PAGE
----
I’m quite eclectic in my music tastes, thanks to friends, Spotify and BBC Radio 6 Music. It helps that I’ve cast off the tribal shackles of my youth where the only acceptable sounds came from, for me, a narrow canon of rock and metal (I did have a secret stash of Kate Bush albums, obviously) . I also ignore charts, trends, critics and being cool in general. This frees me to listen to French cafĂ© music or Motown or film scores or Delta Blues or whatever.

In terms of poetry, school went out of its way to put me off any form of verse or arrangement of words (except rude limericks, of course). I learned to hate poetry with a passion and when asked to write a poem for homework, all those years ago, I handed in the lyrics to War Pigs by Black Sabbath (I, or should I say Ozzy, got 8 out 10). Oddly, though, I’ve written my own poetry since I was 18 years old.

I think we all need a map and a guide when we encounter art (or faith for that matter). Otherwise we end up being surrounded by stuff we don’t even like. There’s so much art and music out there why waste time on that which doesn’t inspire us or challenge us or make us light up. So, if you want suggest some good poetry and Jazz, I’m open to your guidance.

Everything is Connected

I love making lists. I have notebooks full of them. I start most of my list items with an asterisk. So much so, I’ve adopted the asterisk as one of my symbols (I have 31 which form my totem but that’s for another post). Each item also has a box at the end and I delight in colouring that box in when I’ve completed the task. I’ll even write a list item that I’ve already done just so I can colour in the box.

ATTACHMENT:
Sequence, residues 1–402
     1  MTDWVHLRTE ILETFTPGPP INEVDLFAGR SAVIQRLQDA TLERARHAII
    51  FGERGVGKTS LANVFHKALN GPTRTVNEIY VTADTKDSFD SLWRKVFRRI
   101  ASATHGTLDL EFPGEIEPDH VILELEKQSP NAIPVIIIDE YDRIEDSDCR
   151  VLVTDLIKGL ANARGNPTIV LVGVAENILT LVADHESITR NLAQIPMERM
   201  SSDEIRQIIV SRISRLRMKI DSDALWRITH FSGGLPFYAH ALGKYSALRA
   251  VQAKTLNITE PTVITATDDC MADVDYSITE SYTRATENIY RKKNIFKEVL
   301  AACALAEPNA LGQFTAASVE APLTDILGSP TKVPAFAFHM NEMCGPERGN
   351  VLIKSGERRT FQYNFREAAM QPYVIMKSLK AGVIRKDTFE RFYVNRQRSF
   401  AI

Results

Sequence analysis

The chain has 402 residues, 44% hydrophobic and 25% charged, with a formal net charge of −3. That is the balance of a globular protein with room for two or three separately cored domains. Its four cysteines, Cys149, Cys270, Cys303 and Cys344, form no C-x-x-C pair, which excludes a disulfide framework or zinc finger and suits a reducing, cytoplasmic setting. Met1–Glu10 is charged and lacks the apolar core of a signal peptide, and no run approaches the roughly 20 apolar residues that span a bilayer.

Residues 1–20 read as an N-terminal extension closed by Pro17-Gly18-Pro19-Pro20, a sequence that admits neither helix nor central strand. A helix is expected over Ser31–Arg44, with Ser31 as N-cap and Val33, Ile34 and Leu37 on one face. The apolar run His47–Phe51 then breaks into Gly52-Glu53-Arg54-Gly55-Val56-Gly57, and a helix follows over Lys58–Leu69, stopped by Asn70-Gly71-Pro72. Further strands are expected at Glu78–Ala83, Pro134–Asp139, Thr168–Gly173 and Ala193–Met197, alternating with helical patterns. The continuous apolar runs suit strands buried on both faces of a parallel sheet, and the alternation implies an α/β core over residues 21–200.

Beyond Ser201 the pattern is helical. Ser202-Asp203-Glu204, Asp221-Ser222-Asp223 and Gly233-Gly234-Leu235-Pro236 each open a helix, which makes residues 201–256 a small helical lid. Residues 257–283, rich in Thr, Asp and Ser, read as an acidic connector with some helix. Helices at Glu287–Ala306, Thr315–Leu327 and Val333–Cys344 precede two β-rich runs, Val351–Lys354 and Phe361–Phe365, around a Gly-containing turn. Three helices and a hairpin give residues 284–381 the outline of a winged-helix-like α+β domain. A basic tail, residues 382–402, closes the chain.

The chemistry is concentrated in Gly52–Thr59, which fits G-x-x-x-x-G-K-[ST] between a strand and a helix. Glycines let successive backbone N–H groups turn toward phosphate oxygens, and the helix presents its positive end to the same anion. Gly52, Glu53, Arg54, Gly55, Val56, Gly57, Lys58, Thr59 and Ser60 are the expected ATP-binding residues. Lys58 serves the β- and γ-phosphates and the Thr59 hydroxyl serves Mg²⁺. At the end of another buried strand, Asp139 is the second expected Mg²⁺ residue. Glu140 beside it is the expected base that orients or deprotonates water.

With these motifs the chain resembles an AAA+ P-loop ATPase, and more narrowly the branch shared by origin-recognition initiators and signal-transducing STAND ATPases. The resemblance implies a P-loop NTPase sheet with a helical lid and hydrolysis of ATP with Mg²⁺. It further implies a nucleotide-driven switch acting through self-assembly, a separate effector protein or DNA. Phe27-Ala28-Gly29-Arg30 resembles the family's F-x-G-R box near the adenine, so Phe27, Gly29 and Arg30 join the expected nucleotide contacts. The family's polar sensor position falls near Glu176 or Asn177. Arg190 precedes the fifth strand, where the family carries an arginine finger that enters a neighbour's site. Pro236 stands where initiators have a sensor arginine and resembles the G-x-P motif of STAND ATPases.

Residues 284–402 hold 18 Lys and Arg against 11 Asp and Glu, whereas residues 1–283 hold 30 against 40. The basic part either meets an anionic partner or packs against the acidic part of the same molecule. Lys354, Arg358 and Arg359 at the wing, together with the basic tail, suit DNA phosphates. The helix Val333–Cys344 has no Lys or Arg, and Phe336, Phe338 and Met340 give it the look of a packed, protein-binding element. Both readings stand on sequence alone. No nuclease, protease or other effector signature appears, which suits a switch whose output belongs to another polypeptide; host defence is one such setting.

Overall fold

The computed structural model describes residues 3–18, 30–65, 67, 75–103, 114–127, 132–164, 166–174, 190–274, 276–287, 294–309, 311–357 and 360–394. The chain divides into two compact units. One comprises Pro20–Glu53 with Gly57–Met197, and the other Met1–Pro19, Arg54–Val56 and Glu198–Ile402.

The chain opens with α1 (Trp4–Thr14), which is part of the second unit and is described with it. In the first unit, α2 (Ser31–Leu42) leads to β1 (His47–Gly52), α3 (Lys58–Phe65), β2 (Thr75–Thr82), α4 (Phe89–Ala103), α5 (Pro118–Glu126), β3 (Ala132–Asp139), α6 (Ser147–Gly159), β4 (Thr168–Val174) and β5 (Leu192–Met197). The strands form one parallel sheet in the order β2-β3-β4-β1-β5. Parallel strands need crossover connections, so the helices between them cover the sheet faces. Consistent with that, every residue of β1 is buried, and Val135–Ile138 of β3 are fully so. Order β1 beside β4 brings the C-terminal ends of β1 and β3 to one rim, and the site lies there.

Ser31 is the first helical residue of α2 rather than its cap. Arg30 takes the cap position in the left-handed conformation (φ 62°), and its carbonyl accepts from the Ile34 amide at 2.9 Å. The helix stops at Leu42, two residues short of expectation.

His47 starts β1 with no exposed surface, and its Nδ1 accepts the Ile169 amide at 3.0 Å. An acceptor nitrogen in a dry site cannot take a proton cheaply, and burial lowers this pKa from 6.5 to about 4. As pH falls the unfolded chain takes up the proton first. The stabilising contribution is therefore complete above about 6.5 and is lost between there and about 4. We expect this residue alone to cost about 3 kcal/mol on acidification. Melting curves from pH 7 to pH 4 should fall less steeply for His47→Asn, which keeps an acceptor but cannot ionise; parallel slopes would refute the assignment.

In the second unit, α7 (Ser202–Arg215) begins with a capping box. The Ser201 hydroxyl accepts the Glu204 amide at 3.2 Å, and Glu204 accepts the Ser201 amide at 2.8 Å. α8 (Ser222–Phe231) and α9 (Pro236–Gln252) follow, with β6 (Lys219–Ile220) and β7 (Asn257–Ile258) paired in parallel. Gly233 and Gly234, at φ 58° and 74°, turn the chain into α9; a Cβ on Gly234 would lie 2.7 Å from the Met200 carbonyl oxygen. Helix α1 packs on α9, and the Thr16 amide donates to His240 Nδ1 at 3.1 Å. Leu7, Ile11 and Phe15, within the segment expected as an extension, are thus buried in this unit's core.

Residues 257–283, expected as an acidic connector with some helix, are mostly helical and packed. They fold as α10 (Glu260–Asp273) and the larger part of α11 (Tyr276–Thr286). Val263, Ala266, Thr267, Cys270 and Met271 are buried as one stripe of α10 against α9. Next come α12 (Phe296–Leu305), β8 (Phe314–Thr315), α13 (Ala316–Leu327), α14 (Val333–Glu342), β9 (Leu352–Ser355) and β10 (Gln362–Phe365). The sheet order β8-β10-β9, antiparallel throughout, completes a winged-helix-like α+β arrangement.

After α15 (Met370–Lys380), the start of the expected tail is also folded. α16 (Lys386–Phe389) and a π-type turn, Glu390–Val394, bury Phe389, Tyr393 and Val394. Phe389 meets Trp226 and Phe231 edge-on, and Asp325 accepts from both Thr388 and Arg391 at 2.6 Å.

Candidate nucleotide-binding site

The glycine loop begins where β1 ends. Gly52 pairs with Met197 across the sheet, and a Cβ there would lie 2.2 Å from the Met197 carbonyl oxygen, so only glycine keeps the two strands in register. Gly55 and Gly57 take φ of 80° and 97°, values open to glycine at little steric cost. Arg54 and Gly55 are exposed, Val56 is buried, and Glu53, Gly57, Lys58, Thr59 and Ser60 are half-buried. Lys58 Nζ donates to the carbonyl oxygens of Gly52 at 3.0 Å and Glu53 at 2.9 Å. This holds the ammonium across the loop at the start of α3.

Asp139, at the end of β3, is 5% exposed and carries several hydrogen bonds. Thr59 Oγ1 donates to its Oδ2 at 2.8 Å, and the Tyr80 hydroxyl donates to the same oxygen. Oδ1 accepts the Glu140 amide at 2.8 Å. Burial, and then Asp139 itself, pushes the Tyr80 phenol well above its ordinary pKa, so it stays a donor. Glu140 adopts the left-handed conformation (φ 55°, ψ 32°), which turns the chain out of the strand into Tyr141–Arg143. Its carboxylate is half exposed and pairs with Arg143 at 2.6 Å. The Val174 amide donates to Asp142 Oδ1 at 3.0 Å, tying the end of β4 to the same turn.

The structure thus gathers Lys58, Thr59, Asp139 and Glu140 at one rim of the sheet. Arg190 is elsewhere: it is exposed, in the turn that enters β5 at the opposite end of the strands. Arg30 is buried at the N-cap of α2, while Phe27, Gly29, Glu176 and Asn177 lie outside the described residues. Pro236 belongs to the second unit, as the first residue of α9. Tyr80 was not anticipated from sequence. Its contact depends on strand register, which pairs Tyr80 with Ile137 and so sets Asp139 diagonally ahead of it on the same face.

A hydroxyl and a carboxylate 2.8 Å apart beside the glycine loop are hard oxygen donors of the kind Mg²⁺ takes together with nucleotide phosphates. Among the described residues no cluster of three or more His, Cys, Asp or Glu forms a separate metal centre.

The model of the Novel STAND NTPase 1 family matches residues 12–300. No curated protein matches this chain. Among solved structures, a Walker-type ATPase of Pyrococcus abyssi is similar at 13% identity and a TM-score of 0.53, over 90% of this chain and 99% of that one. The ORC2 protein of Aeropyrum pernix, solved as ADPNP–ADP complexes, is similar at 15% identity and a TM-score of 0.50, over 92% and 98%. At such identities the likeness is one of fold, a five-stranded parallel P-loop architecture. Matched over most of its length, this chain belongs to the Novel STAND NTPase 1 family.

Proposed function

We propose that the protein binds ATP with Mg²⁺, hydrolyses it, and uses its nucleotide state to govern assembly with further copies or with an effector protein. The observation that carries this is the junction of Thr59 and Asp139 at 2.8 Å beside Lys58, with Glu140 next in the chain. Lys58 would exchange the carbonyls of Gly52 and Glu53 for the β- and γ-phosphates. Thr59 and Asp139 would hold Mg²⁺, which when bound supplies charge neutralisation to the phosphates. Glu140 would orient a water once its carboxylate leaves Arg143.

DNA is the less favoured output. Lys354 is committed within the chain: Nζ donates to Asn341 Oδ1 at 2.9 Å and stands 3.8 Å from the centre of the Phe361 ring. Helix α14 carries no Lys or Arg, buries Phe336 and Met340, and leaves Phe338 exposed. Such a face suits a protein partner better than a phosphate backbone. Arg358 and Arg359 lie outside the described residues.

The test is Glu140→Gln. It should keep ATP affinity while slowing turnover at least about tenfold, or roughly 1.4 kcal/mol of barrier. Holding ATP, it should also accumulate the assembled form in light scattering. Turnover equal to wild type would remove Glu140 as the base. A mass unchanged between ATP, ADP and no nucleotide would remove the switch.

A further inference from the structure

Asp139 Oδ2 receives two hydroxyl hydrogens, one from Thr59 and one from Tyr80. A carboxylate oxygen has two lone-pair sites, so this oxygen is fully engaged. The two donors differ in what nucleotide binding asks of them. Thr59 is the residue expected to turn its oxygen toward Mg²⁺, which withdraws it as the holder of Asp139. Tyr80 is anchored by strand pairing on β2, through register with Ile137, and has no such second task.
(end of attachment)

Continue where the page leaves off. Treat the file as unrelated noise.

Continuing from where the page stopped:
Lists help me to organise my world and also give me an illusion of control that I’m happy to buy into. However they also create a world where everything is definable and orderly and categorised which, if you’ve actually lived any life, is not the case. I like my lists but art and faith have both taught me that life is more about wonder and chaos and mystery.

In the early days of my faith it was important that I had the right theological answer for every question. In my creative life, poetry went in one place, stories in another, and illustrations in another; each had a different value. As I, hopefully, grow and expand as a person (and not just from beer and pizza) I’ve learned that, actually, everything is connected. There is no spiritual and secular; they’re the same thing. There is no higher form of art and lesser form of art; they’re all the same thing.

So, for me, everything is sacred (because I am a spiritual being) and every act of creativity is art (because I’m a mini Creator) and everything is connected. Faith informs art, art expresses faith, both reflect the person.

Obviously, I’ll still be making lists. Lots of lists.

The Tree of Life (a story)

The tree of life had always been there, swaying in the summer breeze, bathing in sweet rain, exulting in warm sunshine. It was not discovered for it had always been. It was not defined because it was complete in itself. It had no name because it needed none. It had no end because it had no beginning.

The first people enjoyed the tree; they gazed upon it, sheltered under it, created things inspired by it. They laughed, sighed, danced and sang under its magnificence. They celebrated each other in the dappled shade of its leaves. They were content.

The second people guarded the tree and built a wall around it – a beautiful wall, but a wall nonetheless. They created rules concerning who could see the tree and when. They decided on appropriate garments and gestures and tone to be used when visiting the tree. They selected the worthy and held the unworthy at bay.

The third people made weapons and called for the worthy to defend the tree and to destroy the unworthy. They soaked the land in blood and ruled by fear, and by guilt, and by violence. The tree of life shrivelled and died but the people fought on, eager to maintain the wall, and the rules, and the worthy.

In time, the tree of life sprang up again in the most unexpected of places. Once again it comforted those who sat and gazed. It sheltered those who created, laughed, sighed, danced and sang under its wonderful branches; and they were content.